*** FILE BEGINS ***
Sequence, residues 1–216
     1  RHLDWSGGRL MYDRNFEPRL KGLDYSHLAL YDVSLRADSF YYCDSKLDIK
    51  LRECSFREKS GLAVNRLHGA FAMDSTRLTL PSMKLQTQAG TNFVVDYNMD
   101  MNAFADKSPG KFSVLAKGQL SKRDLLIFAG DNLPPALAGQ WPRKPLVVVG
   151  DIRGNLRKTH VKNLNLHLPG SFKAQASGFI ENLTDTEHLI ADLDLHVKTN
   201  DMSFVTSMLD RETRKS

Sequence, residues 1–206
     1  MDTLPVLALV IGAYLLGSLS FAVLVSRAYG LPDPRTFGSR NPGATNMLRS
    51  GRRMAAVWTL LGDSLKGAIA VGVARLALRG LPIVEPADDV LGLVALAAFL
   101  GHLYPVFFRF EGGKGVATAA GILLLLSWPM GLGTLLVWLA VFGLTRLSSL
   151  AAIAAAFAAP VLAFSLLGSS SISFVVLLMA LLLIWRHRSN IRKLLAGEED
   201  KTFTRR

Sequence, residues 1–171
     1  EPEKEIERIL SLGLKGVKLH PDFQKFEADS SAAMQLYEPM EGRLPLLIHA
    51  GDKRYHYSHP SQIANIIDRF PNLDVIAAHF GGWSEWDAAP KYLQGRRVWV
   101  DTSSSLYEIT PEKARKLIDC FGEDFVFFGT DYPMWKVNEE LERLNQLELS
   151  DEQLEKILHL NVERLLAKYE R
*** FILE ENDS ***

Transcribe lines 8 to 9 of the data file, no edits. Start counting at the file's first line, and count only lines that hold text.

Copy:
     1  MDTLPVLALV IGAYLLGSLS FAVLVSRAYG LPDPRTFGSR NPGATNMLRS
    51  GRRMAAVWTL LGDSLKGAIA VGVARLALRG LPIVEPADDV LGLVALAAFL